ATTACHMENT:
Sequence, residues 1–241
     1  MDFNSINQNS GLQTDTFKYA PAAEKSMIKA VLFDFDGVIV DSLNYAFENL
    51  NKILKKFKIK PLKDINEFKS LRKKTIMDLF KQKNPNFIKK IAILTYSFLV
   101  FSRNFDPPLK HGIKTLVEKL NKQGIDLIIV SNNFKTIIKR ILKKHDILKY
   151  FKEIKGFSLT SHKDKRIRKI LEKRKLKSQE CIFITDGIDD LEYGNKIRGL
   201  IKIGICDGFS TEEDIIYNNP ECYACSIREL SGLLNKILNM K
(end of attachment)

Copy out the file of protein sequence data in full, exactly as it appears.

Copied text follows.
Sequence, residues 1–241
     1  MDFNSINQNS GLQTDTFKYA PAAEKSMIKA VLFDFDGVIV DSLNYAFENL
    51  NKILKKFKIK PLKDINEFKS LRKKTIMDLF KQKNPNFIKK IAILTYSFLV
   101  FSRNFDPPLK HGIKTLVEKL NKQGIDLIIV SNNFKTIIKR ILKKHDILKY
   151  FKEIKGFSLT SHKDKRIRKI LEKRKLKSQE CIFITDGIDD LEYGNKIRGL
   201  IKIGICDGFS TEEDIIYNNP ECYACSIREL SGLLNKILNM K